July 08, 2020, 07:20:58 AM
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Topic: Electrolysis of Zinc Sulphate with a change in concentration -> weird results  (Read 330 times)

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Offline fishblipblop

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I did an experiment investigating how a change in the concentration of zinc sulphate in electrolysis affect the zinc collected at the cathode. I used zinc electrodes for the experiment and did it with 0.1,0.2,0.3,0.4,0.5,0.6, 1.0M. I expected the lower concentration, the less products formed. But instead the lower the concentration the higher the amount of zinc produced.

Concentration/M   Initial mass / g   Final mass / g   Change / g   Current / A Percentage error
0.10   0.911   0.986   0.075   0.14    778%
0.20   0.937   1.053   0.116   0.29    555%
0.30   0.928   1.008   0.080   0.33    297%
0.40   0.933   1.029   0.096   0.65    142%
0.50   0.968   0.983   0.114   0.74    152%
0.60   0.893   0.966   0.073   0.63    90%
1.00   1.18       1.229   0.049   0.93    -13%

Would this be because of overpotential or simply high errors and would this have anything to do with the Nernst equation? I saw that cell potential depends on concentration. If we reduce the concentration of the solution, it reduced the equilibrium value and makes the equation more spontaneous and hence more products formed ideally. Does this mean that in electrolysis of zinc sulphate using zinc electrodes if I decrease the concentration of zinc sulphate from 1.0M to 0.5M, I will get more zinc produced at the cathode? This confuses me because I thought that the lower the concentration, the less ions in solution and so less product produced. Thanks!!

Offline Borek

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First things first: what was the theoretical mass of zinc deposited in each case, calculated from the Faraday's law?
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Offline fishblipblop

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Concentration/M   Current/A      Exptal mass   Theoretical mass   
M   A   DA    /g +/– 0.002g   m   Dm
0.10   0.14   0.01   0.075   0.00853799   0.00065729
0.20   0.29   0.01   0.116   0.017685837   0.000708111
0.30   0.33   0.01   0.080   0.020125263   0.000721663
0.40   0.65   0.01   0.096   0.03964067   0.000830082
0.50   0.74   0.01   0.114   0.045129378   0.000860575
0.60   0.63   0.01   0.073   0.038420957   0.000823306
1.0   0.93   0.01   0.049   0.05671665   0.000924949

Offline Borek

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Tables are unreadable, can you try to format them using spaces or the table BBCodes?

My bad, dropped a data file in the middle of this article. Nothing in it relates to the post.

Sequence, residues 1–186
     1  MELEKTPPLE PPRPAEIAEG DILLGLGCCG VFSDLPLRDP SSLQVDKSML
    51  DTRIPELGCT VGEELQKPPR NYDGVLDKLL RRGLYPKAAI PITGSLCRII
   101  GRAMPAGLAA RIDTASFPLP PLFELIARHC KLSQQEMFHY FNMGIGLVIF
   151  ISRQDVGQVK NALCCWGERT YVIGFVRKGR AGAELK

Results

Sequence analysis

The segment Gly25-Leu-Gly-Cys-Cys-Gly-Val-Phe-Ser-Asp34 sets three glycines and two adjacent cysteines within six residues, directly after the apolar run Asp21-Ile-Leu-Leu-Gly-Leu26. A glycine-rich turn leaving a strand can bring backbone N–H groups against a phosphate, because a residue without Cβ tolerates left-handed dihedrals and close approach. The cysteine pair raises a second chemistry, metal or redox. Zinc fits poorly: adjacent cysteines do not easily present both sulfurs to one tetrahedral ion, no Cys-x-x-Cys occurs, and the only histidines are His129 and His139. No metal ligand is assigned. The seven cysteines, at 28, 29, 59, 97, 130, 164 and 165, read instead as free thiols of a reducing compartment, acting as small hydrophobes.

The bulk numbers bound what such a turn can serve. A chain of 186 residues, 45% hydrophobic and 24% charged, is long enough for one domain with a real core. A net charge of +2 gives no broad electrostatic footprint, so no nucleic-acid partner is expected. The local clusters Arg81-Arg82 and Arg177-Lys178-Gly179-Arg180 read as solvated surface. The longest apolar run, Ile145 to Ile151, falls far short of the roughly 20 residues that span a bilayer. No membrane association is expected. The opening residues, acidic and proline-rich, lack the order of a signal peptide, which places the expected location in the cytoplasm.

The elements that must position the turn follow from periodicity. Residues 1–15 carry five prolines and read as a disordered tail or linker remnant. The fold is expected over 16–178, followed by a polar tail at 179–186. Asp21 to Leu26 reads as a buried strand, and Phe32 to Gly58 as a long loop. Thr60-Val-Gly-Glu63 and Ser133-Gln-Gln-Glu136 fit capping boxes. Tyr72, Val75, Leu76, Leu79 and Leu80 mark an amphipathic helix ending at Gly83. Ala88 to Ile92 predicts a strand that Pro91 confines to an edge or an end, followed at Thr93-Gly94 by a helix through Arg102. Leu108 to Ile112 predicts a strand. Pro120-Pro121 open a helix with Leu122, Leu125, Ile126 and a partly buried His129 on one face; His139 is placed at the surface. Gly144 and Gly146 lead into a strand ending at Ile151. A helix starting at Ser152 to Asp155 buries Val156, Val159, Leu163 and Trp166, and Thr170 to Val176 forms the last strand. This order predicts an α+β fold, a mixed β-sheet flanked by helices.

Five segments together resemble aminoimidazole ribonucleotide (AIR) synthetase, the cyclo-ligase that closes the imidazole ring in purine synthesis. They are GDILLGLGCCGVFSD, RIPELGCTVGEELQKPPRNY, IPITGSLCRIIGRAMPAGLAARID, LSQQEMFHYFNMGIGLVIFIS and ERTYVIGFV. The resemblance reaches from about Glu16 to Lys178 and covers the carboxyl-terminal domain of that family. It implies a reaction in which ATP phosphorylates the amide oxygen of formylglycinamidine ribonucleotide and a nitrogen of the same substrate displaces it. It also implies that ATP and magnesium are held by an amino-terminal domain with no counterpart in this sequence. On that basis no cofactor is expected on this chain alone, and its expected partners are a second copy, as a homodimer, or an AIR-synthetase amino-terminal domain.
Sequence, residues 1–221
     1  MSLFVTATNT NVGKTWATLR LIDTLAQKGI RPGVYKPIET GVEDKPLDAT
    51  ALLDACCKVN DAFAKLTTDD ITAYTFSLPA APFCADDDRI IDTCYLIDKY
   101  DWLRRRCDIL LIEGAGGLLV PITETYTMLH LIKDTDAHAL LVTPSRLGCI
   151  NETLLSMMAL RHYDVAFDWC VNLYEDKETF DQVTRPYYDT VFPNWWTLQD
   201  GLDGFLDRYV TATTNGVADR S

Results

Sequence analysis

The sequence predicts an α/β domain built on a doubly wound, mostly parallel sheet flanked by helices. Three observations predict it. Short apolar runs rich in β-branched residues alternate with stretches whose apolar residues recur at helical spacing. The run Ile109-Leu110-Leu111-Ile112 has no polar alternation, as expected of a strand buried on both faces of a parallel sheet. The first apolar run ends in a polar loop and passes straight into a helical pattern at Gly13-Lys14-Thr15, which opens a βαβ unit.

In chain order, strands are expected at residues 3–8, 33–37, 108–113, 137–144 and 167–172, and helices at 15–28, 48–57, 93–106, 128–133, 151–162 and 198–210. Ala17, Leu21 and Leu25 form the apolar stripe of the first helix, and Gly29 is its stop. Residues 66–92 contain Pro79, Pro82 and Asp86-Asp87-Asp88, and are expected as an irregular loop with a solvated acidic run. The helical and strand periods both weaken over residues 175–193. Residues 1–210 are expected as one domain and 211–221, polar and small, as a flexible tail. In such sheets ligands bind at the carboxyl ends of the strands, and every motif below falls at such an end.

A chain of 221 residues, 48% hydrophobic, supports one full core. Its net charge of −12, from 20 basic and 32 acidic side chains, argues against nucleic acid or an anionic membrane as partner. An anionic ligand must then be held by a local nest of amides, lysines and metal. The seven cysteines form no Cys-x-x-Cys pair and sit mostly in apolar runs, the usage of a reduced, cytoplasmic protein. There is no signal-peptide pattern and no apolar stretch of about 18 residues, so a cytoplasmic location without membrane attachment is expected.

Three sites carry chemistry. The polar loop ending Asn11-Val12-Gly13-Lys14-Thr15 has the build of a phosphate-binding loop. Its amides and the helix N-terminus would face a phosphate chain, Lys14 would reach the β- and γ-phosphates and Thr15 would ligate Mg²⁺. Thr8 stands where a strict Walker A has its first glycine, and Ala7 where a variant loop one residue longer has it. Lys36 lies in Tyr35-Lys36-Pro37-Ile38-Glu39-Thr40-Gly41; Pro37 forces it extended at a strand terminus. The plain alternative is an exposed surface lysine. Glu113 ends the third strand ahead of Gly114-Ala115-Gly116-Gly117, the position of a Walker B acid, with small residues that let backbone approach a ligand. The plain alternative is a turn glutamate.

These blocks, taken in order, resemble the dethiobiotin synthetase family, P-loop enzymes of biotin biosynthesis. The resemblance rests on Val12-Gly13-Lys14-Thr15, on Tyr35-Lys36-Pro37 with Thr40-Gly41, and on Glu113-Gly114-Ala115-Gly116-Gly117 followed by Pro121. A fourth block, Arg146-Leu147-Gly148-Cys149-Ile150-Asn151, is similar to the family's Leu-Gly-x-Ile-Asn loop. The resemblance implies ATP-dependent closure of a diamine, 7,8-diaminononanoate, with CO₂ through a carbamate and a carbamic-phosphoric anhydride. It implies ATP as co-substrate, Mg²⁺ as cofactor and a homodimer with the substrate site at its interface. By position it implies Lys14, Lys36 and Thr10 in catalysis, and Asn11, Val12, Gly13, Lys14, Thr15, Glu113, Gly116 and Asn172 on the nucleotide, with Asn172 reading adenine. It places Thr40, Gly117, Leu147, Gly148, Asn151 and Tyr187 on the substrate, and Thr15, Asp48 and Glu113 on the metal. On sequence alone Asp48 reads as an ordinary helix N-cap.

Assuming last two columns of numbers are experimental mass and theoretical mass (there are 6 columns of numbers and only 4 headers, so this can be a wrong guess) your results are several orders of magnitude wrong, there is no way to make any sense from the experiment/calculations.
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Offline fishblipblop

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I attached my results (better formatted) with this post.

Also I agree that the results are way off. However, I plotted the percentage error against the concentration of zinc sulphate. There is an exponential correlation to the results. The diagram is also attached.

Offline Borek

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What is DA?

No idea what you are doing but I am almost sure you are not doing what you think you are doing ;)

I mean - there is no way for the current efficiency to be over 100%. In good conditions it can be very close to 100%, but never higher. If it is higher, that means you deal not with electrodeposition, but with some process of which electrodeposition is only a part.

Plus, I doubt you can get high current efficiency in this case, as zinc is highly reactive and will happily react with water, lowering the produced mass. Not to mention water electrolysis that probably can't be entirely eliminated (but can be definitely controlled with pH).
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Offline fishblipblop

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DA is the uncertainty for the ammeter.

I am confused about it myself so I am putting all the uncertainties on the production of zinc hydroxide which trap a large proportion of water even though this does not fully support my data. So even though I dried it with a hairdryer, there is still some water trapped within.

Regardless, thanks for the help.

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